On the wall of an old building behind a muddy parking lot next to the rising skyscrapers of the Potsdamer Platz in the center of Berlin, a small advertisement from the old times, when the city was divided and different currencies were used on the two sides of "the wall", momentarily catches the eyes of the drivers, leaving their cars and running hastily to their offices. "Neue Zeit" – "New Times" – says the banner and only former East Germans remember that the "Neue Zeit" was the daily newspaper of the Christian Democratic Union (CDU) of the German Democratic Republic.
The "Neue Zeit" doesn't exist anymore. The divided city is united and people on both sides of the former "iron curtain" have the same money in their pockets. The only difference now is that some have more than others. The division of a city has turned into a division among people. While some are struggling for their daily survival, hunting for some "Kleingeld" ("small money" or better "change"), others are gambling with millions to make "big money" ("Grossgeld") bigger and bigger. Is this the message the author wants to tell us in his 15 minute short film "Kleingeld"?
The story of the film is simple: Every day, a banker meets a disabled homeless beggar in the street next to the entrance to his office at the Potsdamer Platz. Each day, he gives him some change, one or two Deutschmark, until he discovers that the homeless man is washing his car, on the dirty parking lot. After discovering this, the banker talks to the beggar, explaining that the "change" is not a "salary" for a "service" but a "gift" and that there is no need to wash the car. But the homeless beggar continues washing his car. One day, the banker, who is very busy with a "big Japanese deal", tries to avoid the beggar, and takes another exit when he leaves the office. The homeless man, waiting for the "daily gift", discovers the banker very late when he is already sitting in his big BMW and is leaving the parking lot. The banker backs out slowly while the beggar runs forward and a collision is unavoidable. While fortunately no serious harm is done, the accident changes the relationship between the two men. Next morning, no homeless beggar is waiting in front of the bank's entrance. But the banker, who wants to excuse himself for the accident, searches for him and finally finds him around another corner in front of the entrance to another bank. When the banker offers to give the beggar 100 Deutschmark, the homeless man turns around and moves away without a word, leaving the solitary banker behind him in Berlin's rush hour with a face full of questions.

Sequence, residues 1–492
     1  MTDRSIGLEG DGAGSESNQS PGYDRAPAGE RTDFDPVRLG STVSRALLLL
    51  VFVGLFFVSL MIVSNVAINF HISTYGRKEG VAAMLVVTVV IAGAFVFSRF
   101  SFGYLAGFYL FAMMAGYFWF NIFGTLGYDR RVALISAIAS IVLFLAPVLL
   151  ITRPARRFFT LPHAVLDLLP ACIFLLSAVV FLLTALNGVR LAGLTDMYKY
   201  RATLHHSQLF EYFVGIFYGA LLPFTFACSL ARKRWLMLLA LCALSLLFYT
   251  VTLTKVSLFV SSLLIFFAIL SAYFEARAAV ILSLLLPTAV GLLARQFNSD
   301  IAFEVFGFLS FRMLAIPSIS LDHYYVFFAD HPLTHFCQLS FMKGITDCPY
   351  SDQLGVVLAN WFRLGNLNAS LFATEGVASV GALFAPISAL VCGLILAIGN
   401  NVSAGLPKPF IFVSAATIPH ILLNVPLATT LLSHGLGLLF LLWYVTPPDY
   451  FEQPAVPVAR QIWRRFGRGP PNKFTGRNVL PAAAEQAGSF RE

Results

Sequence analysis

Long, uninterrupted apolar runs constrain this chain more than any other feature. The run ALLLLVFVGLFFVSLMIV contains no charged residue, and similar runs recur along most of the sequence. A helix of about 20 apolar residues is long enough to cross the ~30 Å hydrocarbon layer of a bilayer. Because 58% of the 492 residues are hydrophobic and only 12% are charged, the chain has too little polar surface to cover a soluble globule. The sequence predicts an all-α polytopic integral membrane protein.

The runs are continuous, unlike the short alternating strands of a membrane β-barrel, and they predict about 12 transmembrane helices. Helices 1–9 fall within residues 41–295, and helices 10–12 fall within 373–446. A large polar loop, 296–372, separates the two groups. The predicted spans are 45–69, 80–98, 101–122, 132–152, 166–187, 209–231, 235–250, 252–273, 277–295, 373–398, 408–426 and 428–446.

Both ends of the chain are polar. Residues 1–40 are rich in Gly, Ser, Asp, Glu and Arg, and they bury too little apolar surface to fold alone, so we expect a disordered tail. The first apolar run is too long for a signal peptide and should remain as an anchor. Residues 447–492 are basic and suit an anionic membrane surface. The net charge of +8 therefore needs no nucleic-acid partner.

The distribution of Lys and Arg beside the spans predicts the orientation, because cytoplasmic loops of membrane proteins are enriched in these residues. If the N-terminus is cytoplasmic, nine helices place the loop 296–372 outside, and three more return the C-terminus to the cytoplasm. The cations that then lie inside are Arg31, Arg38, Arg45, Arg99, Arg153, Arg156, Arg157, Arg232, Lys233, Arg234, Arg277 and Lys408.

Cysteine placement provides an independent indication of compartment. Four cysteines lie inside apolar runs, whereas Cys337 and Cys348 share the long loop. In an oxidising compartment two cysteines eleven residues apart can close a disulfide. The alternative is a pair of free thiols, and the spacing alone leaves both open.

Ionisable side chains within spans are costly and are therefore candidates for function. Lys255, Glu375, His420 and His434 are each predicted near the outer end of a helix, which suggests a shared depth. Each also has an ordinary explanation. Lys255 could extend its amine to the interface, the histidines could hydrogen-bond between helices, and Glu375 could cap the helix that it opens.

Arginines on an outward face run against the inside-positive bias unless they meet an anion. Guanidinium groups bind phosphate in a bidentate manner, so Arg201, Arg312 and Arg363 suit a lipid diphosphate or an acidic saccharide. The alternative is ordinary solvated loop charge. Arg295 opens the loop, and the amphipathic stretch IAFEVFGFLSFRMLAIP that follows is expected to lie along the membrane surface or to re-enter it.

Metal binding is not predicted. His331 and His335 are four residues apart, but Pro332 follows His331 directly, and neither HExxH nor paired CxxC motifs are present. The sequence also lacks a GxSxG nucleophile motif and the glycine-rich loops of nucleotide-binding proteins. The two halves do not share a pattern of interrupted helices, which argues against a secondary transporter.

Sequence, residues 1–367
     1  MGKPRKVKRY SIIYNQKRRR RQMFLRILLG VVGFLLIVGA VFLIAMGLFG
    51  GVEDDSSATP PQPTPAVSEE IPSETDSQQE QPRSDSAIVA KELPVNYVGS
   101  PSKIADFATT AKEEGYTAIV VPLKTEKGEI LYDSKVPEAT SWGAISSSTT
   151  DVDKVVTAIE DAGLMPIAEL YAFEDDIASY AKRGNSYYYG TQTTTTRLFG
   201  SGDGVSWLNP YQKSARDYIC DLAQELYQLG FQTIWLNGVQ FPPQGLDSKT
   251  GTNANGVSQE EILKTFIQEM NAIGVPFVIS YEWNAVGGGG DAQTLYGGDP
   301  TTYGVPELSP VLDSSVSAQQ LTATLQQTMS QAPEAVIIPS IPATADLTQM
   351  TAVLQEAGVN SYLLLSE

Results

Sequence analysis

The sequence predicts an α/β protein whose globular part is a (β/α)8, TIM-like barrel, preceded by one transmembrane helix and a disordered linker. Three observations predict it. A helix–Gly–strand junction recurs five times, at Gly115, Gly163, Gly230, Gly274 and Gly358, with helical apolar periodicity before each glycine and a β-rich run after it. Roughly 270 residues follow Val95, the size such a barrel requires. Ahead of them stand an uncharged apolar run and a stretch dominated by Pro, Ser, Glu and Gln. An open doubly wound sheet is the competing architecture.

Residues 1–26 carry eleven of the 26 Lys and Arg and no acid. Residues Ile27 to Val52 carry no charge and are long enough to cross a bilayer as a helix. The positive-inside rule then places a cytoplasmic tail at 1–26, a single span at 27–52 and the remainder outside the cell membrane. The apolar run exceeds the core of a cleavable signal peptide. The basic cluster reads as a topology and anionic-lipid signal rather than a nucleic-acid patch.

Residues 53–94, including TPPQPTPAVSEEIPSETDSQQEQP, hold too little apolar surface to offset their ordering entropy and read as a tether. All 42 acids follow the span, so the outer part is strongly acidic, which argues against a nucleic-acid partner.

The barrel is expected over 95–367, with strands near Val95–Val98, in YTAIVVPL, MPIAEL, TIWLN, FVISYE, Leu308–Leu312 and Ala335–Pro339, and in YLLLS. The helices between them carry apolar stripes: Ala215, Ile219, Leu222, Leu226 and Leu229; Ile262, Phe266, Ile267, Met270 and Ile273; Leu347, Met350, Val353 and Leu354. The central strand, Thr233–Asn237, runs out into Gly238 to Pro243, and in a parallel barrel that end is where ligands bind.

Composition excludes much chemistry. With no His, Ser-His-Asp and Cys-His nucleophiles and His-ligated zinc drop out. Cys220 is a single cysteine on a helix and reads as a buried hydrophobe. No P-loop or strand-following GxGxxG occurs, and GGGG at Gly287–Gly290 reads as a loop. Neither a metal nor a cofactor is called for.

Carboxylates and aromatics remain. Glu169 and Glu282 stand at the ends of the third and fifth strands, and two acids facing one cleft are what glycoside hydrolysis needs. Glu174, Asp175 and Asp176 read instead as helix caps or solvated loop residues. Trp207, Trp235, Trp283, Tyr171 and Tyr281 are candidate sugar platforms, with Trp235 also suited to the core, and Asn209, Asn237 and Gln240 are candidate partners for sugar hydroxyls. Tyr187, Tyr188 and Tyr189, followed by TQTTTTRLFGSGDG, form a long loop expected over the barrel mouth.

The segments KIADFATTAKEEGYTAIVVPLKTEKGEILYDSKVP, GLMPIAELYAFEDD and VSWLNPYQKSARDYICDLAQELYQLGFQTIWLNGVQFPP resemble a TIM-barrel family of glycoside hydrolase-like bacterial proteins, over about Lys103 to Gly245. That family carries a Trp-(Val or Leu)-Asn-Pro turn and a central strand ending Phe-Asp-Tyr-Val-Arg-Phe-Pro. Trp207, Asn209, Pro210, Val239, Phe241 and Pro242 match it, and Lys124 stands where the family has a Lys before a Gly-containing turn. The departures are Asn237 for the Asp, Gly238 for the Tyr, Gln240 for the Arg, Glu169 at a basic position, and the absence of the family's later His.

The film does not need a lot of language. It tells its story directly with pictures and all the clichés needed to illustrate the human and material distance between the two extreme poles which mark the playing field of today's highly developed German society. The 15 minutes of the film are long enough to remind us that the unification of two countries did not overcome the division between individuals. The 15 minutes tell us something about dignity and responsibility. But they are too short to give answers to the film's questions, raised without words.
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